Cyclospora outbreak hits Grant County

State health officials announced Friday that four cases of gastrointestinal illnesses caused by a microscopic parasite called Cyclospora have been reported among Wisconsin residents. These cases are presumed to be part of a multi-state outbreak of the disease affecting approximately 200 people, mostly in Iowa, Nebraska, and Texas. The ill Wisconsin residents live in Grant, Milwaukee and Brown counties.

“Because Cyclospora can cause a prolonged illness and the disease is treatable with sulfa drugs, we want people to know that they should contact their doctor if they experience a gastrointestinal illness with watery diarrhea that lasts more than two or three days,” said Dr. Henry Anderson, state health officer. Anderson noted that because this is a relatively rare infection, doctors usually do not test for Cyclospora, which requires special testing procedures.

State officials are collaborating with the federal Centers for Disease Control and Prevention (CDC), local health officials, and health departments in other affected states.

Although the source of the infection is not yet known, people generally become infected with Cyclospora by consuming food or water contaminated with the parasite. Symptoms of cyclosporiasis include watery diarrhea (the most common sign), abdominal cramps, nausea, extreme fatigue, bloating, and occasionally fever.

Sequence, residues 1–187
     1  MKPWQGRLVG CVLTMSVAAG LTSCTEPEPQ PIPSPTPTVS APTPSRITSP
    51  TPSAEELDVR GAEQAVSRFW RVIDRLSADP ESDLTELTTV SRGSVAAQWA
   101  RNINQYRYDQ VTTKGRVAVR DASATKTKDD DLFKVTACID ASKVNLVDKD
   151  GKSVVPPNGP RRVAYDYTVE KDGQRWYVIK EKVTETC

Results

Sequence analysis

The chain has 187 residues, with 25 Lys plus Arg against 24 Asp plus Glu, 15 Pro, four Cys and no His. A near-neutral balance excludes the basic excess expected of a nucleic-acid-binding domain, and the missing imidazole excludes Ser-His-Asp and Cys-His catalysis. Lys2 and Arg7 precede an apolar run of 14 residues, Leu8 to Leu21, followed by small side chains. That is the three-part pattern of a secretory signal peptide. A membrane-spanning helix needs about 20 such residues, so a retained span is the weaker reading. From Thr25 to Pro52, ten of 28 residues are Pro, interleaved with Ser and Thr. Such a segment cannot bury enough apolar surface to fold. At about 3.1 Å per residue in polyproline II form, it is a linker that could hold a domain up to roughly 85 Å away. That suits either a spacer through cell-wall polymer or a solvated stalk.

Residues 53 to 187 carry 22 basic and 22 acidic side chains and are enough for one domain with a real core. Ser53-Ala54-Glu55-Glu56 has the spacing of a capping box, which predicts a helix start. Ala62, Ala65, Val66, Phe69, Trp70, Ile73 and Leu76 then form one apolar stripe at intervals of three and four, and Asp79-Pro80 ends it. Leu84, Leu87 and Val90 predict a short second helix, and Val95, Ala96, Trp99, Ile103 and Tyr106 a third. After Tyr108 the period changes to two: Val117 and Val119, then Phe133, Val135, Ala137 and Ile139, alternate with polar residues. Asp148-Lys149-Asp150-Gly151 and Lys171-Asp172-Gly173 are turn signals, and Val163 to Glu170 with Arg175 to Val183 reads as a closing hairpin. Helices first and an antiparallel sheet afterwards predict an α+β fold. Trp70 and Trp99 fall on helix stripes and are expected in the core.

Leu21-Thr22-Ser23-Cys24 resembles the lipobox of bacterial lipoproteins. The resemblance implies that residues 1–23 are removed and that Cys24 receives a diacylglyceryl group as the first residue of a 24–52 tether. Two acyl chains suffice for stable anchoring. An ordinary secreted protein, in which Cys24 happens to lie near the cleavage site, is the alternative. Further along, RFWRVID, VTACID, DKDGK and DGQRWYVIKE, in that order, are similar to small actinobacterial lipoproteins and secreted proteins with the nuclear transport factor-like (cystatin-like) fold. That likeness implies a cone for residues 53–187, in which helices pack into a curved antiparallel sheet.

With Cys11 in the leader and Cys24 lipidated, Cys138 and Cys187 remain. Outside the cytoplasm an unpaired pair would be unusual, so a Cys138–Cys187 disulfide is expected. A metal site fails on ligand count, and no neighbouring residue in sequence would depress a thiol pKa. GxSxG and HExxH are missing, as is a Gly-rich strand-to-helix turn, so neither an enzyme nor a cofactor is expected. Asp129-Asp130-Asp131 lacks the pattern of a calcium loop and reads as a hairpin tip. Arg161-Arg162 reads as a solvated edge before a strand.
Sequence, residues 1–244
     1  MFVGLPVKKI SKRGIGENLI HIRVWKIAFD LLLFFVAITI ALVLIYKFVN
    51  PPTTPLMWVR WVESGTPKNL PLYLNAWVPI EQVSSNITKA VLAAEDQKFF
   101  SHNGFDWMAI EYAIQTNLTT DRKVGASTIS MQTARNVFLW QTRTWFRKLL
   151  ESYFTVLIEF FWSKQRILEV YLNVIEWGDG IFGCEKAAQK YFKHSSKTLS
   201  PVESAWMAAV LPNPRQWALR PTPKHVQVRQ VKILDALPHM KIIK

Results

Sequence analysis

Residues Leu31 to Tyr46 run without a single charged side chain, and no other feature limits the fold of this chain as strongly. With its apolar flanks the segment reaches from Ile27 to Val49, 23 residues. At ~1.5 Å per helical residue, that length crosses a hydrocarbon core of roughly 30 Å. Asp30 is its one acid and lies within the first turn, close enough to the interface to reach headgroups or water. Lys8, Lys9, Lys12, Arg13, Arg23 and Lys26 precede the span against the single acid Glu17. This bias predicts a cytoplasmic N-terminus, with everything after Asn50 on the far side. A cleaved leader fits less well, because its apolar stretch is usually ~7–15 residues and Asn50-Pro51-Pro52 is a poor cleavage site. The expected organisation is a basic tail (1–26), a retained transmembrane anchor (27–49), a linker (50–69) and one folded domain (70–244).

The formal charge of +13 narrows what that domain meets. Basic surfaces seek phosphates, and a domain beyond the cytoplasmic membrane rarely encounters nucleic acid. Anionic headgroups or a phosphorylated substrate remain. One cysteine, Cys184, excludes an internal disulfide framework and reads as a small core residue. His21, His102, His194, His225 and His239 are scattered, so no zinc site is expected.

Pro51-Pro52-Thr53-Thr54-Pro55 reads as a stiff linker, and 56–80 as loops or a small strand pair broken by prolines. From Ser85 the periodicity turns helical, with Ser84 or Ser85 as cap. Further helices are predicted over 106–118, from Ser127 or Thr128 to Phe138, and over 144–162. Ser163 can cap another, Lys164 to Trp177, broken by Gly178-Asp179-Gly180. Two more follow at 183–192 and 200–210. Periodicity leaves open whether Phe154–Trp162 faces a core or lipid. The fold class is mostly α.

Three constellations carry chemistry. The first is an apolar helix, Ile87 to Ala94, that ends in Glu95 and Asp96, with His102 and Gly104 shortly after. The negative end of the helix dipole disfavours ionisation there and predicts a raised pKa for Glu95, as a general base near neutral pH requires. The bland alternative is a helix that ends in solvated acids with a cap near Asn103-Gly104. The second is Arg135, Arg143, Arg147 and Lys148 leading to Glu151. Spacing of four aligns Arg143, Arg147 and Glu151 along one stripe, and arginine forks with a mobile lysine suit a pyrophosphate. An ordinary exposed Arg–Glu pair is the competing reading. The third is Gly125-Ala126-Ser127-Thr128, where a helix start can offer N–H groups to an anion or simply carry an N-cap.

People typically become sick approximately seven days after they acquire the infection, but that incubation period can range from two to 14 days.

Cyclospora infections usually resolve on their own, but the illness can last a long time.

Patients may have relapsing symptoms that can persist for weeks to months. Only five cases of cyclosporiasis were reported among Wisconsin residents during 2008 through 2012.

Health officials will continue to monitor for additional cases and have been supporting the national investigation by interviewing patients regarding their food history and other exposures.

For more information, visit cdc.gov/parasites/cyclosporiasis.

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